Curious about what the best — and worst — jobs are to land within the United Nations system? The happiest staffers can be found at the Office of the U.N. High Commissioner for Human Rights, the Economic Commission for Latin America and the Caribbean, and the Office of Administration of Justice, according to a new U.N. staff survey.
At the other end of the scale, the U.N. Office of the High Representative for Least Developed Countries, Landlocked Developing Countries and Small Island Developing States, and the Office of the Special Adviser on Africa ranked bottom.
Employees from across the organization’s departments were asked questions about job satisfaction, career development, leadership and ethics.
It is believed to be the first global staff survey of its kind conducted by the Coordinating Committee for International Staff Unions and Associations, according to the committee’s president, Ian Richards.
Run throughout February, it received 4,000 responses, representing around 10 percent of the U.N. Secretariat.
Some of the results have been surprising, Richards told Devex.
“It was quite interesting because some of the issues that showed up, we were not aware of," he said. “Some departments that have a good reputation generally turned out to not perform as well as we thought they would, and vice versa.”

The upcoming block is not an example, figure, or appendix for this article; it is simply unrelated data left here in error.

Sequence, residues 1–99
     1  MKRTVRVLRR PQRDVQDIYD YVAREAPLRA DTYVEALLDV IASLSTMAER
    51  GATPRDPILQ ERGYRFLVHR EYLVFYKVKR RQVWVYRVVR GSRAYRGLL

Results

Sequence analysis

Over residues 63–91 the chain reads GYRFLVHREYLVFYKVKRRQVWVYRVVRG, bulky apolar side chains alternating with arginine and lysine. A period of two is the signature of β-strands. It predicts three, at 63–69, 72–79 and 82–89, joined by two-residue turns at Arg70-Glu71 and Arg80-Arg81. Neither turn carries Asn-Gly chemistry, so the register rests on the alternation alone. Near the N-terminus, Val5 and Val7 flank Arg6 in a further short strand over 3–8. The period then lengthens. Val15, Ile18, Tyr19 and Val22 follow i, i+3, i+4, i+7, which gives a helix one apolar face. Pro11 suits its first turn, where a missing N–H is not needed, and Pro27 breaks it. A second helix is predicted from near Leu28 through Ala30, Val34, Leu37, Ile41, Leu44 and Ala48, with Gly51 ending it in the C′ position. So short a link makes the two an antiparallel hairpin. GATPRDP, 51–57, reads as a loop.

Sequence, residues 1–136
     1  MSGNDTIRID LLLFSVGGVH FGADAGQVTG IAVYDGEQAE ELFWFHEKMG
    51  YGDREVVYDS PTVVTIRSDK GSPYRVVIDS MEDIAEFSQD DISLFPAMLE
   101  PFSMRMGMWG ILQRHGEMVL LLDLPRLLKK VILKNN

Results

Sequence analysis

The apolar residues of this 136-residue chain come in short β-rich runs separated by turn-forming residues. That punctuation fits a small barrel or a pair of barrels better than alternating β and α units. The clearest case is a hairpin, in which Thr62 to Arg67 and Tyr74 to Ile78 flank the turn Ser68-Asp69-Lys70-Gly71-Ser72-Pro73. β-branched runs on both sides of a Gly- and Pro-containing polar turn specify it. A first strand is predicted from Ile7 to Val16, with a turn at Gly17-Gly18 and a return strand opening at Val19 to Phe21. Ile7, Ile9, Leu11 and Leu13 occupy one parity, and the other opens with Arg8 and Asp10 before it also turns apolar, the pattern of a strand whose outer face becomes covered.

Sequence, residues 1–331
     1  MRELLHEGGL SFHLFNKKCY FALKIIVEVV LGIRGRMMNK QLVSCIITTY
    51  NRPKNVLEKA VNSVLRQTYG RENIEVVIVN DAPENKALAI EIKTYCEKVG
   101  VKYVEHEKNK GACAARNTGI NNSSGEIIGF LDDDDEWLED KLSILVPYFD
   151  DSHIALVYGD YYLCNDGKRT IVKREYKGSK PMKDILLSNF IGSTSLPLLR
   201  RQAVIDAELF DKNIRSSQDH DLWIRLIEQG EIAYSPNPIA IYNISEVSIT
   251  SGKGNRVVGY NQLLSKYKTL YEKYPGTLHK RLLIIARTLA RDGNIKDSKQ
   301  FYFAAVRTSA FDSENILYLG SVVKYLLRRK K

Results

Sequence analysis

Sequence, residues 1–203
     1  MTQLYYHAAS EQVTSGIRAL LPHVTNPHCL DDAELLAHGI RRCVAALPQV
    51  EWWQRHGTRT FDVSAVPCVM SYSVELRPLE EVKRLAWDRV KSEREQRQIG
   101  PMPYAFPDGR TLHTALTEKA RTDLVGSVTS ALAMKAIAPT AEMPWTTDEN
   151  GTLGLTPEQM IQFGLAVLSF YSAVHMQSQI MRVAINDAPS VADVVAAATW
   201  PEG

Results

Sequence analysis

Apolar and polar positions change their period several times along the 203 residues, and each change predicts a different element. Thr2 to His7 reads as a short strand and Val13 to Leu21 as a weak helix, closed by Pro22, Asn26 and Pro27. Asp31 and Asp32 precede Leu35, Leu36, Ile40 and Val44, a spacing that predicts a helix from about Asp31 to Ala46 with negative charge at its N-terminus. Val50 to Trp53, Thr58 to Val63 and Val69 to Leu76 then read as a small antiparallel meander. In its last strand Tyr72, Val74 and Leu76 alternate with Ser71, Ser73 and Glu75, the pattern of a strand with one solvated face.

OHCHR came out on top for the agency that U.N. staffers are “most proud to work for,” followed by the Department of Political Affairs. It also performed well on all other questions, including staff members feeling “happy and motivated coming to work” and believing that their department “appoints the right people for the right jobs.”
Yet comments published alongside the survey reveal frustrations among staffers, even at OHCHR.
“The Secretariat used to be the best employer worldwide. It is no longer, not because of the package (which is one of the best), but because of lack of career opportunities for young (and less young) talents,” one OHCHR staffer wrote.
“I do not believe similar surveys have [had] much impact on how things are run in New York or Geneva,” another added.
Staff members taking the survey were offered a series of 29 positive statements about working at the U.N. and were then asked to what extent they agreed with it. A weighted average was then produced.
OSAA and OHRLLS repeatedly appeared at the bottom of the scales. Compared to other departments, they performed poorly on statements such as “I receive prompt acknowledgment and recognition for doing good work” and even “My department is free from harassment or abuse of authority.”
One OSAA respondent wrote that “the department where I work does have highly competent staff” but complained of two managers who “do not identify with the constituency we are supposed to represent. They do not know the de facto realities of those we are supposed to advocate for and they don't care, actually.”
So far, the survey has prompted a range of reactions from U.N. agencies, departments and offices, according to Richards.
“We’ve seen a couple of departments — U.N. Environment, for example — talking about doing meetings with managers, doing town halls and having a constructive approach,” he said. “But there seem to be other cases where people did not understand it quite as well.”
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